If you like Str8ts check out our books, iPhone/iPad Apps and much more on our store.

In Straits, like Sudoku, no single number can repeat in any row or column. But rows and columns are divided by black squares into compartments. These need to be filled in with numbers that complete a “straight.” A straight is a set of numbers with no gaps but can be in any order, eg [4,2,3,5]. Clues in black cells remove that number as an option in that row and column and are not part of any straight. Glance at the solution to see how “straights” are formed.

The solutions will be published here in the next issue.

To the blue eyes and brown eyes and this very day,

The solutions will be published here in the next issue. www.str8ts.com

To the olive branches handed out each and every day,

To the reconciliation and the bridges better off burned,

If you like Str8ts check out our books, iPhone/iPad Apps and much more on our store.

To the ones who have their thing and the ones who can’t find their name,

To the beauty and the grace and everything in between,

To the simply put saying of “here’s to you and me.”

For many strategies, hints and tips, visit www.sudokuwiki.org

Medlake is a first-year student at the University of Manitoba

Like Sudoku, no single number can repeat in any row or column. But... rows and columns are divided by black squares into compartments. These need to be filled in with numbers that complete a ‘straight’. A straight is a set of numbers with no gaps but can be in any order, eg [4,2,3,5]. Clues in black cells remove that number as an option in that row and column, and are not part of any straight. Glance at the solution to see how ‘straights’ are formed.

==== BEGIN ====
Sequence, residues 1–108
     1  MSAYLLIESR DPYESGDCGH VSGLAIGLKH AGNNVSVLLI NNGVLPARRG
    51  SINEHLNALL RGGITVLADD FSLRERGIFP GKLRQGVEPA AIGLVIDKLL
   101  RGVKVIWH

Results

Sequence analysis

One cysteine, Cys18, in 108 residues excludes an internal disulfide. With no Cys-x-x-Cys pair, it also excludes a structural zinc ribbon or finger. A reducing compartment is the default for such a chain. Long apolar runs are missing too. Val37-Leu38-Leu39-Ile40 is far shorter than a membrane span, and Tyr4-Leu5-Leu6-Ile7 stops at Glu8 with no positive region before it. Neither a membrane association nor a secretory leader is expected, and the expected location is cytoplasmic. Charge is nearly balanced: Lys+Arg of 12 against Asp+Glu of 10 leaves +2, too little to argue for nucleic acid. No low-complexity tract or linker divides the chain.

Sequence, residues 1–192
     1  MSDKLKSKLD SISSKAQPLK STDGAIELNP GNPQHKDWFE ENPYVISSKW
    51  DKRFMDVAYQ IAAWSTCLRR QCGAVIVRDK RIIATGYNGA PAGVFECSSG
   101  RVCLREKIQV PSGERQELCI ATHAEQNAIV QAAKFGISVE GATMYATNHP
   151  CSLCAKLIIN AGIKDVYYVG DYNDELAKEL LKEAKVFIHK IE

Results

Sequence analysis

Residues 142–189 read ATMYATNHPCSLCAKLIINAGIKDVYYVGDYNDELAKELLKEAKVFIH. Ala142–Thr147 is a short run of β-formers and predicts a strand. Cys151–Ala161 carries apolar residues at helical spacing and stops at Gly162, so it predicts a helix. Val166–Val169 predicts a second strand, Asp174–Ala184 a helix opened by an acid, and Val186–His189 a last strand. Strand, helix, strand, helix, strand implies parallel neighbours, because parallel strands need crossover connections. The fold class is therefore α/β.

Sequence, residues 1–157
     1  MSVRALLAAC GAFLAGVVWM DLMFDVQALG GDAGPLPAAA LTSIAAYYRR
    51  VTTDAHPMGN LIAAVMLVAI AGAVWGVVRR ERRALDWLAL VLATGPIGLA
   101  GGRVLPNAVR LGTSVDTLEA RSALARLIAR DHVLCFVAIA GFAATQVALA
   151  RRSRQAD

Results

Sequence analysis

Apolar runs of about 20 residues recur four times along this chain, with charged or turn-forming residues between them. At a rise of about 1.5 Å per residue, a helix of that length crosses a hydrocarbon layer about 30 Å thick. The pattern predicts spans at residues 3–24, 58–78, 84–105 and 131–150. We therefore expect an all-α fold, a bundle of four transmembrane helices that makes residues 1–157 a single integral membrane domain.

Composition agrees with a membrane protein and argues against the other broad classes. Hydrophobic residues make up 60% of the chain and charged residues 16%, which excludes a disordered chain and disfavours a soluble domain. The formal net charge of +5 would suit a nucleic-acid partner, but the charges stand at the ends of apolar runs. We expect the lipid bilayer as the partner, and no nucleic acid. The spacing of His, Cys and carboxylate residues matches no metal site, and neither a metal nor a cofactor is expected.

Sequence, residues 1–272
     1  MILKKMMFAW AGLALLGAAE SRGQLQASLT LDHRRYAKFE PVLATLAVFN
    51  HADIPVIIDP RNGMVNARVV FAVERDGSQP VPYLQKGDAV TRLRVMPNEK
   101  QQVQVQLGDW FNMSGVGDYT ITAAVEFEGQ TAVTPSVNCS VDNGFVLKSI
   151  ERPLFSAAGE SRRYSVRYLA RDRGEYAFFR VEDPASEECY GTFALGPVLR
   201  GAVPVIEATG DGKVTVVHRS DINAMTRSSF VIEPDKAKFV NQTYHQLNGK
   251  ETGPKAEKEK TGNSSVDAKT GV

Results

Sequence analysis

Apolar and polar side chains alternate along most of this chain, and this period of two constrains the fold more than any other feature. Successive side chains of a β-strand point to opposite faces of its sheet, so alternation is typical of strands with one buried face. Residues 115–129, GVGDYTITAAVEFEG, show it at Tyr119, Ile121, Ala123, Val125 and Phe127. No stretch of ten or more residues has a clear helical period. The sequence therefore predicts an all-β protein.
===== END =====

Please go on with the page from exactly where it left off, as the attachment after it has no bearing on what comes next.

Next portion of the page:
How to beat Str8ts –

Answer to this issue’s Straights

Previous solution - Tough

Like Sudoku, no single number can repeat in any row or column. But... rows and columns are divided by black squares into compartments. These need to be filled in with numbers that complete a ‘straight’. A straight is a set of numbers with no gaps but can be in any order, eg [4,2,3,5]. Clues in black cells remove that number as an option in that row and column, and are not part of any straight. Glance at the solution to see how ‘straights’ are formed.

If you like Str8ts check out our books, iPhone/iPad Apps and much more on our store.

For many strategies, hints and tips, visit www.sudokuwiki.org

To complete Sudoku, fill the board by entering numbers 1 to 9 such that each row, column and 3x3 box contains every number uniquely.

For many strategies, hints and tips, visit www.sudokuwiki.org

such that each row, column and 3x3 box contains every number uniquely.

To complete Sudoku, fill the board by entering numbers 1 to 9

such that each row, column and 3x3 box contains every number uniquely.

To complete Sudoku, fill the board by entering numbers 1 to 9

If you like Str8ts check out our books, iPhone/iPad Apps and much more on our store. The solutions will be published here in the next issue. can find more help, tips and hints at www.str8ts.com

no single number can repeat in any row or column. But... rows and columns are divided by black squares into compartments. These need to be filled in with numbers that complete a ‘straight’. A straight is a set of numbers with no gaps but can be in any order, eg [4,2,3,5]. Clues in black cells remove that number as an option in that row and column, and are not part of any straight. Glance at the solution to see how ‘straights’ are formed.


Diversions 14 graphics@themanitoban.com Vol. 109, No. 29 7 2 13 368 2875 7412 8517 4396 784 42 © 2023 Syndicated Puzzles 946583217 851627349 723194856 518972634 274361598 639458721 162739485 397845162 485216973 STR8TS No. 636 76 732465 321 34 23 75634 675 98 89 7
Previous solution - Medium SUDOKU
The solutions will be published